Detroit automakers are assembling the most impressive run of profitability in probably 50 years, but that’s not stopping big churn at the top.
Ford Motor Co. ousted its CEO after less than three years in the job, replacing him with a Big Thinker. Jim Hackett’s intellectual touchstones skew more to Apple Inc. founder Steve Jobs and Microsoft Corp.’s Bill Gates than Henry Ford or Alan Mulally, the Boeing Co. executive who engineered the Blue Oval turnaround.
General Motors Co., amassing record profits in North America, is bolting key foreign markets. After 90 years, it’s selling its pieces in Europe to France’s Groupe PSA SA, abandoning Russia and pulling out of India, on track to be the world’s No. 3 market.
And Sergio Marchionne’s Fiat Chrysler Automobiles NV is seeking its own exit from the business, either through spin-offs or a sale to outside bidders.
The driver behind all this churn is the Holy Grail of the next automotive century, the race to field safe self-driving vehicles on a mass scale.
It’s changing everything. The new competition — for capital and competitive advantage, for growth and market position — is unlike anything Detroit or its traditional competitors in Germany and France, Japan and South Korea have ever encountered.
The global auto industry’s rivals are cash-rich giants epitomized by Silicon Valley. Unlike Detroit, they’re darlings of Wall Street and venture capital hotshots betting the next new thing in personal transportation is more likely to be developed and produced by California’s Bay Area than the historical heart of American auto industry.
They may not be pushing hard to actually build the self-driving vehicles. Who would, considering the meager manufacturing margins compared to Silicon Valley’s stratospheric numbers. But the biggest tech players are deep in the game of developing the software and the intellectual horsepower to make it all possible.
Detroit’s automotive leaders understand the predicament, judging by their actions. But other auto folks predisposed to dismissing the threat, much like their parents dismissed the arrival of Japanese automakers in the American heartland, do so at their own peril.
I’m talking to you, retirees; you, skeptics, who insist people will “never” buy self-driving cars; you, union leaders and local politicians, who seem to think the technology already transforming the factory floor won’t also transform the products made there.
This stuff is getting real, folks, very real. And the quickening march of technology, spurred by the huge financial windfall sure to accrue to whoever is indisputably first, means the Jetsons caricatures of popular cynicism soon will be replaced by suites of sensors that really can deliver as advertised.
Whether it arrives in 2021 or 2027 is less important than the fact that it’s coming. If the home of the American auto industry isn’t truly part of the solution, it stands to lose — a lot.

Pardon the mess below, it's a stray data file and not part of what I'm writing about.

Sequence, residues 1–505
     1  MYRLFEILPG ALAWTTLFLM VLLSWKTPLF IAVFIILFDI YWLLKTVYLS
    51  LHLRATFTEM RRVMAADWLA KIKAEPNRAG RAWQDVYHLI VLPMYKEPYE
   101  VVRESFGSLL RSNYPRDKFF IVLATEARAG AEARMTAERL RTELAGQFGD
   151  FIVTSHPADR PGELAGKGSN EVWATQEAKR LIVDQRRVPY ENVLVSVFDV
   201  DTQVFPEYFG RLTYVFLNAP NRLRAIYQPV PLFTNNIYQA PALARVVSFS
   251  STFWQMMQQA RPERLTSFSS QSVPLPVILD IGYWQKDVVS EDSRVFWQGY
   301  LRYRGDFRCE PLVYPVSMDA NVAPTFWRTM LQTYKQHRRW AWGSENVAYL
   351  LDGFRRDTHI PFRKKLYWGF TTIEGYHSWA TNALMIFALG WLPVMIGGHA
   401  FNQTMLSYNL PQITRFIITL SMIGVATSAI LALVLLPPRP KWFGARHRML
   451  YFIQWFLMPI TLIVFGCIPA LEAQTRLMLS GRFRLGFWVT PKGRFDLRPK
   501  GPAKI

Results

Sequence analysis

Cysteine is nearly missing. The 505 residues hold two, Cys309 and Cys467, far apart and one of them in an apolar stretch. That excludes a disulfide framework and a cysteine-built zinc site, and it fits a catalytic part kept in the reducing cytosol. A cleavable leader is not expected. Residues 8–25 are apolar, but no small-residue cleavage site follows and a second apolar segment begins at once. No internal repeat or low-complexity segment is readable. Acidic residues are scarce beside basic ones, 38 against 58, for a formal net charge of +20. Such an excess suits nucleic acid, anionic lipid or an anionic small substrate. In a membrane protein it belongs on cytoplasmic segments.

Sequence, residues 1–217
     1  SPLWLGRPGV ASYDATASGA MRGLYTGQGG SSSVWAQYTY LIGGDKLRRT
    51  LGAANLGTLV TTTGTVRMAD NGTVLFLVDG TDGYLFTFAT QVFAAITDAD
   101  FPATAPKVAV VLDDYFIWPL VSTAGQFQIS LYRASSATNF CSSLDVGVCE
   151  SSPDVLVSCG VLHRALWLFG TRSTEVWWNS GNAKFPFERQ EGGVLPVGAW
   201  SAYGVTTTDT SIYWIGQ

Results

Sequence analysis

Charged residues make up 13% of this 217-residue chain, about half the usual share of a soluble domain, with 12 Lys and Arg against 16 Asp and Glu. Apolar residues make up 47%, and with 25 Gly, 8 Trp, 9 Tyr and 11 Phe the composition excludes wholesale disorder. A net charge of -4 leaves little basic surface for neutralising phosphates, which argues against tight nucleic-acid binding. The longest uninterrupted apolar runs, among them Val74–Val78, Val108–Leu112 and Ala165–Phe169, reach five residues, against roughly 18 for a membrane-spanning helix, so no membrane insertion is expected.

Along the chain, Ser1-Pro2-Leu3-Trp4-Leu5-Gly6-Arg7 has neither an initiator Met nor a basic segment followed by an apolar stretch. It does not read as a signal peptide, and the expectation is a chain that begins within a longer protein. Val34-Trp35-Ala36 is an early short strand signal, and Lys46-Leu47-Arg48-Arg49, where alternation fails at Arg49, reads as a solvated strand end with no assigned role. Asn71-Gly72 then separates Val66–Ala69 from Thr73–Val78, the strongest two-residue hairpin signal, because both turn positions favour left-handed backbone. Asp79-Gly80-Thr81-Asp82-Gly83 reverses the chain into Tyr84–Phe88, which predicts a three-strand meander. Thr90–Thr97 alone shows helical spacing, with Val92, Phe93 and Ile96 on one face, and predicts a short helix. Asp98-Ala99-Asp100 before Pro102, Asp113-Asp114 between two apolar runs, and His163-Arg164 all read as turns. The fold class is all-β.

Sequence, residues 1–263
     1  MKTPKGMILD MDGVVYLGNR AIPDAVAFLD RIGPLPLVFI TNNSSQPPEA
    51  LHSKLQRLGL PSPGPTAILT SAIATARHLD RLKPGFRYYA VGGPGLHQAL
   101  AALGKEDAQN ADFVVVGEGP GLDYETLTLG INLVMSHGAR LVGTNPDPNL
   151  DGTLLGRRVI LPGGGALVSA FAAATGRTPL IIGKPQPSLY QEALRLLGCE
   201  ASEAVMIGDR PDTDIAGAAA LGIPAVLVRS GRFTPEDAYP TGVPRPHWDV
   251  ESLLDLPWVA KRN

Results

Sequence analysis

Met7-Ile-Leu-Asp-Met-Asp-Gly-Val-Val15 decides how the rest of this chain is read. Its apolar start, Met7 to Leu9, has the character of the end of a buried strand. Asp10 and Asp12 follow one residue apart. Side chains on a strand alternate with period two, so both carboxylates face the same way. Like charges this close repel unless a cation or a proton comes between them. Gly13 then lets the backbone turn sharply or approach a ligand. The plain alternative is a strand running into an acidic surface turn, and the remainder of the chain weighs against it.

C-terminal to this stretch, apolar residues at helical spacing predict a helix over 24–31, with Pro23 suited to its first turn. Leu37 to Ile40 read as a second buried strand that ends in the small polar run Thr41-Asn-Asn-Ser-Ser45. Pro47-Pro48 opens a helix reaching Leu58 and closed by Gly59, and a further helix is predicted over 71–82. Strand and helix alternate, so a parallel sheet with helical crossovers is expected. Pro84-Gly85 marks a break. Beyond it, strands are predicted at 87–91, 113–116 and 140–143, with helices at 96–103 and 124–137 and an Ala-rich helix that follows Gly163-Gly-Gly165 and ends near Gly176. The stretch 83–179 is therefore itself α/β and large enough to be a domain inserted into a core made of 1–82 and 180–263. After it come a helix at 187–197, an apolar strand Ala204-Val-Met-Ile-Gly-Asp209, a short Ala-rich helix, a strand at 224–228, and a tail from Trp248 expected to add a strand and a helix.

In jobs and economic clout. In political influence and seats at the automotive table that will be occupied by those who best straddle the fusion of transportation and technology and understanding the politics connecting both.
Couldn’t help but think of that tension when The Wall Street Journal posted a story Thursday afternoon describing the intense pressure Tesla Inc. Chairman Elon Musk is exerting on his engineers to deliver hardware that will enable Tesla models to drive themselves.
The push has caused the team to lose 10 engineers and four managers in recent months, the Journal reported, signaling just how wide the gulf can be between engineering limitations and realizing the outsized vision of an entrepreneur like Musk. The boss usually wins those confrontations, even if he’s wrong.
The people who brought the world the iPhone, who crafted an internet search engine whose name became a verb, are the same people trying to claim leadership in the next-generation auto industry.
Apple Inc. CEO Tim Cook says self-driving car technology is “the mother of all” artificial intelligence challenges. Google parent Alphabet Inc.’s Waymo LLC self-driving car unit is using Chrysler Pacifica vans in its efforts to develop a system that could compete with offerings from GM and Ford.
On a decommissioned Air Force base in California’s Central Valley, code-named “Castle,” Waymo engineers conduct “structured testing,” The Atlantic reports. Armed with data gleaned from vehicles, engineers are able to reshape the terrain to replicate real-world scenarios — and then collect yet more data.
All of it, and so much more, are the biggest challenge to the global auto industry in 50 years — in large part because it’s being waged disproportionately in the recesses of software development, innovation and risk-taking. No wonder there’s churn in Detroit.
Daniel Howes’ column runs Tuesdays, Thursdays and Fridays. Follow him on Twitter @DanielHowes_TDN, listen to his Saturday podcasts, or catch him 3 and 10 p.m. Thursdays on Michigan Radio’s “Stateside,” 91.7 FM.